This post was originally published at Novelicious.com and is now at WritingTipsOasis.com. WritingTipsOasis.com acquired Novelicious.com in June 2022.
Reviewed by Kay Brooks
Author of romantic fiction, Ruby Miller, has lost her faith in love. After being cheated on by her fiancé and consoling her friends after endless love-life disasters, she has come to the conclusion that love simply does not exist. On the advice of her concerned editor, Ruby boards a plane to Goa hoping for a week of reviving relaxation with her younger, more adventurous sister, Amy. However, Ruby is about to get a lot more than she bargained for. When Amy decides to elope, convinced she is in love, Ruby has to face the mystery and danger of India in a race to find Amy before she makes the biggest mistake of her life.
Written unusually in the present tense, this is a fast-paced adventure of a novel. Travelling across India, Ruby is introduced to the wonders of famous landmarks, such as the Taj Mahal, the famously spicy cuisine and the undiluted romance of Wedding Season. While the plot is strong and consuming, the description is beautifully colourful and vivid, even where Ruby is off the tourist trail. She sees the rich side to India and the people living in poverty, identifying happiness in both extremes. The characters are, on the whole, likeable and the variety of people she meets on her journey all bring another dimension to the idea of love being a mystery that cannot be solved.Amy does have features of being the stereotypical spoiled little sister but, to balance this out, she also has endearing qualities, such as her love for her Ruby who she freely admits she wouldn’t cope without. Jack is charming and self-assured. Although it is clear that he is a love interest for Ruby, the reader is kept interested by the fact that Ruby is completely oblivious to any signs of attraction or flirtation. Rocky, the driver who accompanies Ruby on the majority of her trip, is a wonderful character, representing all that is different and magical about India. He seems quite naïve when first introduced, but he has a lot to teach Ruby and his simple knowledge proves life-enhancing.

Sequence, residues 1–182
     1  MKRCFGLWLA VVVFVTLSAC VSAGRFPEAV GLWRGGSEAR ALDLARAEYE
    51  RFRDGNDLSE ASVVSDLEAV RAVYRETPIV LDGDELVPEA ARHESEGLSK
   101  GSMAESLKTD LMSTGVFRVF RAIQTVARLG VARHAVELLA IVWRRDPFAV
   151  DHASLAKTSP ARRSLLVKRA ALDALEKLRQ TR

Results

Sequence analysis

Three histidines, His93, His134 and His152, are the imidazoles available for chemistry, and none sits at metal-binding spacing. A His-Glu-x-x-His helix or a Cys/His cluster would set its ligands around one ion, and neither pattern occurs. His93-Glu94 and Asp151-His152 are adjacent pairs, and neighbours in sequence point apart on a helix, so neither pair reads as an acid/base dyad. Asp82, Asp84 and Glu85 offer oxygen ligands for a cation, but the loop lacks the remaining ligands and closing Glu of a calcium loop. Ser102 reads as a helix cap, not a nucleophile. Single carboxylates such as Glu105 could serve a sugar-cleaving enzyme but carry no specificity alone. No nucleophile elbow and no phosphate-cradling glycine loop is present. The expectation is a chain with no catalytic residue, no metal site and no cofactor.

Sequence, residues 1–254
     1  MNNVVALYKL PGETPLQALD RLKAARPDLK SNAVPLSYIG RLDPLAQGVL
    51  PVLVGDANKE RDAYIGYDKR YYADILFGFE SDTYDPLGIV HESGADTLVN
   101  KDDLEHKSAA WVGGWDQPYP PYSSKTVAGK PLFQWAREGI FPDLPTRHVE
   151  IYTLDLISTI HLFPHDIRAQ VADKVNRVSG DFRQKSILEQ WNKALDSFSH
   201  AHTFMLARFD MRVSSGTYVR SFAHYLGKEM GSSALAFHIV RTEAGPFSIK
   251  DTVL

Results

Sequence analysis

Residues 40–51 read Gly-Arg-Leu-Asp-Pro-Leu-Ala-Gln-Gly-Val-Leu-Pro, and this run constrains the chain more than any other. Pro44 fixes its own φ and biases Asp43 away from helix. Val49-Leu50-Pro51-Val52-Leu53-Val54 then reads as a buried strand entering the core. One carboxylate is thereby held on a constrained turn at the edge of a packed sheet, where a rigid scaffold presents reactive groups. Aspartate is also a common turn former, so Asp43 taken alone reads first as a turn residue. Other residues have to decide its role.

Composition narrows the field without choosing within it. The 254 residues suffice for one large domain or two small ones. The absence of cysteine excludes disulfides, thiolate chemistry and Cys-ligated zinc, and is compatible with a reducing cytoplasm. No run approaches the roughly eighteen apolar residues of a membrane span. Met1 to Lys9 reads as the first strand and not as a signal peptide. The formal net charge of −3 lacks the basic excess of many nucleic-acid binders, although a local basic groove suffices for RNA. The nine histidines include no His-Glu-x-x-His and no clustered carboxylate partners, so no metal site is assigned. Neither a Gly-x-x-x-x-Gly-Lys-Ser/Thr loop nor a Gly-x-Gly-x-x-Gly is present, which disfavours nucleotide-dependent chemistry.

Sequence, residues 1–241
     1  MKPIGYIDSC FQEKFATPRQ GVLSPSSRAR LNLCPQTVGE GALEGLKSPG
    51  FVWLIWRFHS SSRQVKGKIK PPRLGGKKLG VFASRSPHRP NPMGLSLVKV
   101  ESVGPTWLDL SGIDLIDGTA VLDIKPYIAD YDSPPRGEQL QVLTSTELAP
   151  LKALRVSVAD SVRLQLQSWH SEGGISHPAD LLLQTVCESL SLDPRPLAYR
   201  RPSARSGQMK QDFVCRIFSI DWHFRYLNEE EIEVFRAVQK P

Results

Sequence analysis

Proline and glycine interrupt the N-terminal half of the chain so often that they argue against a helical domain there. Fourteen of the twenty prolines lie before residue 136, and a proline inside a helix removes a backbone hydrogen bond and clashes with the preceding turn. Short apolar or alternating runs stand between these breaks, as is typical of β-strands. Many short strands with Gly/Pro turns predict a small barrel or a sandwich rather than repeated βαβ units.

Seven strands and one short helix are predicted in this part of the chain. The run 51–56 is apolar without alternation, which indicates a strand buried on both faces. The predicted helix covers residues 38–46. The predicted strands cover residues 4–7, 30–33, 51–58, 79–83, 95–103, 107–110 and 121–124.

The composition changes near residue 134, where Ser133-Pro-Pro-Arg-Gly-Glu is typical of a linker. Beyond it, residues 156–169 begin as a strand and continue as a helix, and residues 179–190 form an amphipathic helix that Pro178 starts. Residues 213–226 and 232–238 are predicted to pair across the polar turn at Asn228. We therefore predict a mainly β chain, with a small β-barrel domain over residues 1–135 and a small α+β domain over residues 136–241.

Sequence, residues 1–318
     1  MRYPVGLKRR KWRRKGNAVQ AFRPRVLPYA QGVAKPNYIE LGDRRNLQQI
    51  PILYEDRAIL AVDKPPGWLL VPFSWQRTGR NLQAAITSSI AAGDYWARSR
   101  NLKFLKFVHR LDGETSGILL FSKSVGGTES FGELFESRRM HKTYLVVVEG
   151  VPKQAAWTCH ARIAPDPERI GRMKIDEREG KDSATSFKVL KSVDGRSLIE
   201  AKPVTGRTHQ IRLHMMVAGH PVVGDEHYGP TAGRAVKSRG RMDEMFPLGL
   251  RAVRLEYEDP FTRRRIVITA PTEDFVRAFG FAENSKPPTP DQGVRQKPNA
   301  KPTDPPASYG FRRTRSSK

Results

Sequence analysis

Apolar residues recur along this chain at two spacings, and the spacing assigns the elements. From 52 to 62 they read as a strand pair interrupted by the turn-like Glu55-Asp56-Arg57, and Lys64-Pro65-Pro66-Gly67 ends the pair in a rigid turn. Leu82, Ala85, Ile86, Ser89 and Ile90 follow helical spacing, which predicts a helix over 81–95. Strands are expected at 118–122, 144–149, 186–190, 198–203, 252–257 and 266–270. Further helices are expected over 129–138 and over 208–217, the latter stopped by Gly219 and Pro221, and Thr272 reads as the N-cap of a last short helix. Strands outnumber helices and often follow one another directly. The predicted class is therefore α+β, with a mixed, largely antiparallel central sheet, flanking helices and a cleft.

Being a fan of travel fiction, The Love Detective has every factor that I look for in an enticing read. It explores the varying Indian cultures and customs, there are plenty of laughs and a few serious moments that encourage the reader to question the definition of love. There is a definite feel of escapism to the novel, with frequent acknowledgements of spiritualism and mysticism, creating a fantasy-like atmosphere at times before returning to reality. This would be a perfect holiday read, being easy to engage with and difficult to forget once put down.
Alexandra Potter's Website